Uniting these two artistic case studies, and opening up to further examples, Elena and Lucy will debate the history of artists as curators. Specifically, Elena will draw on her work for The Apparently Marginal Activities of Marcel Duchamp (The MIT Press, 2016) and her edited volume The Artist as Curator (Mousse Publishing, 2017) to which Lucy contributed.
Afterall is uniting with Asia Art Archive, the Paul Mellon Centre and Tate Research Centre: Asia to host a session at the forthcoming annual conference for the UK’s Association for Art History (AAH). Hosted by the Courtauld Institute of Art and King’s College London, this event will run 5 to 7 April 2018.
This event celebrates the launch of the Exhibition Histories series at the Temporary Stedelijk in Amsterdam.
Introduced by Sophie Berrebi (University of Amsterdam, Amsterdam) the event will lead into a public interview between Teresa Gleadowe (Afterall Books, London) and Seth Siegelaub (curator, Amsterdam), which will explore key issues in 1960s and 1970s exhibition practice. The afternoon will conclude with a round-table discussion with Charles Esche (Van Abbemuseum, Eindhoven), Deborah Cherry (University of Amsterdam, Amsterdam), Teresa Gleadowe, Ann Goldstein (Stedelijk Museum, Amsterdam), Christian Rattemeyer (Museum of Modern Art, New York) and Seth Siegelaub, moderated by Sophie Berrebi.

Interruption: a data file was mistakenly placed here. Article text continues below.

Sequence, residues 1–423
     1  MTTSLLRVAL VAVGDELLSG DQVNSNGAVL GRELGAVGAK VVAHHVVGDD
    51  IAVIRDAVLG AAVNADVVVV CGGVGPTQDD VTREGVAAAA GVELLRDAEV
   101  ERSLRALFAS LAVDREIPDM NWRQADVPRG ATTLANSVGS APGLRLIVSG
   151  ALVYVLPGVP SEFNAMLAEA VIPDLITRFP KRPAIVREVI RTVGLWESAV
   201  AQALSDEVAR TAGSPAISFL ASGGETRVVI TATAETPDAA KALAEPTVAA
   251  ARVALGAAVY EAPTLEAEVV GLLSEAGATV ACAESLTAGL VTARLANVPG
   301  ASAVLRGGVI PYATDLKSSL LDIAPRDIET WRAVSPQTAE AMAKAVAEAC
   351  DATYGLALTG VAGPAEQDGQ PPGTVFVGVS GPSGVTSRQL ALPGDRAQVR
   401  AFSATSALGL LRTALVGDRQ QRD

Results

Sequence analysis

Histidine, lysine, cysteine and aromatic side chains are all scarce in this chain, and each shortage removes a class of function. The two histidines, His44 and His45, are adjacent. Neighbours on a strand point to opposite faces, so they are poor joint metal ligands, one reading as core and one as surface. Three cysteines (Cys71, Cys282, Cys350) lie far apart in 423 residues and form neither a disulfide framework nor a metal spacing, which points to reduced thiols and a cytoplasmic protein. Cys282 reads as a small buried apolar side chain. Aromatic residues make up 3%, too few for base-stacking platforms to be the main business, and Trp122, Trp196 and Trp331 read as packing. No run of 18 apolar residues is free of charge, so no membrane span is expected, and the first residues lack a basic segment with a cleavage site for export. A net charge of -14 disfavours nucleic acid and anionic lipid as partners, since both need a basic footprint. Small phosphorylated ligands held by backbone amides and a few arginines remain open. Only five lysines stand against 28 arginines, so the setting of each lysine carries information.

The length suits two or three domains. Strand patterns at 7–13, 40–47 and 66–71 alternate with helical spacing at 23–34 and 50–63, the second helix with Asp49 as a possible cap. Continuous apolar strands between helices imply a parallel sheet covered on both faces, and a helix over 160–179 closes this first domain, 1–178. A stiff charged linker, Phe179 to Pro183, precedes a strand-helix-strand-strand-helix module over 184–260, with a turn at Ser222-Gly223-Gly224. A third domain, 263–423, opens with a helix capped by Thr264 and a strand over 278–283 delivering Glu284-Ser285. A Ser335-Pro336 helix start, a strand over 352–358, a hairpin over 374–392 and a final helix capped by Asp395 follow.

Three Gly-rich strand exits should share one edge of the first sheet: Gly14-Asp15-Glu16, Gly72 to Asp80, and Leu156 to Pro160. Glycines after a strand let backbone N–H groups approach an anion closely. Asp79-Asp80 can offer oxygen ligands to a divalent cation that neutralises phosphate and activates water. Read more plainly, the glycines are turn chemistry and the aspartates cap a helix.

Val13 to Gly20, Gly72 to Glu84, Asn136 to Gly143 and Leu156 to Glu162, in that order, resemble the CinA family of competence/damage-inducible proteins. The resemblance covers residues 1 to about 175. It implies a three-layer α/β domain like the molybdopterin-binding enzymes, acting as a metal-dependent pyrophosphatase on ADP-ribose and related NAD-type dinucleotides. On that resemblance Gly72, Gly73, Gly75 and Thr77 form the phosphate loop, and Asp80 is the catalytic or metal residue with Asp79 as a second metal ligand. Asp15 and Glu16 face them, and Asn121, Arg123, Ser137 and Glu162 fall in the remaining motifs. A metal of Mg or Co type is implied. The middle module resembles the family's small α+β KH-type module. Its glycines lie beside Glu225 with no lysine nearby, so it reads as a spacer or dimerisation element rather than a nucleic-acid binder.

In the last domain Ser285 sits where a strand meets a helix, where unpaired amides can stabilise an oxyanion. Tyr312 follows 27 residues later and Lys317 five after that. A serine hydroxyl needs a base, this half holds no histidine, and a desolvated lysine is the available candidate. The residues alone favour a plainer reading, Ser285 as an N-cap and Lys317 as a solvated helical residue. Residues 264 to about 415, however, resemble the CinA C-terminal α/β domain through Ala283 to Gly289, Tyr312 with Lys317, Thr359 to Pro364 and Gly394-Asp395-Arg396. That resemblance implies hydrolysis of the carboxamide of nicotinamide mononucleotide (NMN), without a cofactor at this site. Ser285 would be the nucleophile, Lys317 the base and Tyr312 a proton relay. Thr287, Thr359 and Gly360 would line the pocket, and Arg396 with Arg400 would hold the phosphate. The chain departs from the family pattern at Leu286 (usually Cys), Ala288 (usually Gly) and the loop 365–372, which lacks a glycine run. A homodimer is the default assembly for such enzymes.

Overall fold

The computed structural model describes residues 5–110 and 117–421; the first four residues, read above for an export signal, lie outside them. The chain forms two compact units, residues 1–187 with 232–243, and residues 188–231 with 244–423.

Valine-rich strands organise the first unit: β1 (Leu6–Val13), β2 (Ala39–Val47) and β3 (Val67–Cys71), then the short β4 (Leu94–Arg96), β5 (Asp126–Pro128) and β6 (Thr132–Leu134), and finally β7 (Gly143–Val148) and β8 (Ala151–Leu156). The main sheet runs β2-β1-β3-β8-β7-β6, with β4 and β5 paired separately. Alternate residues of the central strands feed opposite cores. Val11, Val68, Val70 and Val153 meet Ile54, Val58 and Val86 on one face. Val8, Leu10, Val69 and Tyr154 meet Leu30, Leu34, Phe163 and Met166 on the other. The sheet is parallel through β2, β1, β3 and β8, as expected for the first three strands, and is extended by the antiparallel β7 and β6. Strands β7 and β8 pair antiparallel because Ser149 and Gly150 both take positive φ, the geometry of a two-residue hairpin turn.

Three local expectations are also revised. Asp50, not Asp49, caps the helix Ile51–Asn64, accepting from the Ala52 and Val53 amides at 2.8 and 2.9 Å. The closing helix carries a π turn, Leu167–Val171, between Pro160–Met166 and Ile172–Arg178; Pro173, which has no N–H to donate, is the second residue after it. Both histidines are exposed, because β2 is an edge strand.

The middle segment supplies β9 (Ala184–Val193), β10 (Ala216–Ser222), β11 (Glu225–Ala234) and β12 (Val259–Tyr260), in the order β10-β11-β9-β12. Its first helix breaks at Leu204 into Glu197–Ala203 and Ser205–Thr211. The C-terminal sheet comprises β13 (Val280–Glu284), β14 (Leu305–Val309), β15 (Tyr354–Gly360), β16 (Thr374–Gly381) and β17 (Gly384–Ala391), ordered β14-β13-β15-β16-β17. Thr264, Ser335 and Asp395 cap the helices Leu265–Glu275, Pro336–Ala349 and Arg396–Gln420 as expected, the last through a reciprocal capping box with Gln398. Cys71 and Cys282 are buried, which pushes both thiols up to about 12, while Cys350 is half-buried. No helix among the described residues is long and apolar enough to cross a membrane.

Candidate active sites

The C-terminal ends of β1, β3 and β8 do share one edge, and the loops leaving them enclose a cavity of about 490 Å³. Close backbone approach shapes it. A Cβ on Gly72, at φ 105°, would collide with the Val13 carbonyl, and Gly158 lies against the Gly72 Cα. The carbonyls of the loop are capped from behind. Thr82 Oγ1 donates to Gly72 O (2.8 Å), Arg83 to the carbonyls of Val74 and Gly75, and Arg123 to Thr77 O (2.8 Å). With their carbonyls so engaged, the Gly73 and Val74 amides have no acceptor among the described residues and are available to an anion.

The launch will be held in the Auditorium, Stedelijk Museum, Paulus Potterstraat 13, 1071 CX Amsterdam. Entrance price: € 5.00 + valid ticket to museum.
Please join the Exhibition Histories editorial team for an informal book launch on Monday 29 November at Koenig Books, 80 Charing Cross Road, London WC2H 0BF.
Join us at the Swiss Institute, at 495 Broadway, 3rd floor, for the first launch of the Exhibition Histories series on 5 November 2010. The launch includes a conversation between Lawrence Weiner, Rafael Ferrer and Keith Sonnier, moderated by Christian Rattemeyer.
In this video essay, Sarah Pierce excerpts four Irish-language television programmes from the 1950s and 60s that complicate Ireland's perception of its past and explore, as she writes, how notions of language, nation, history and territory are constructed.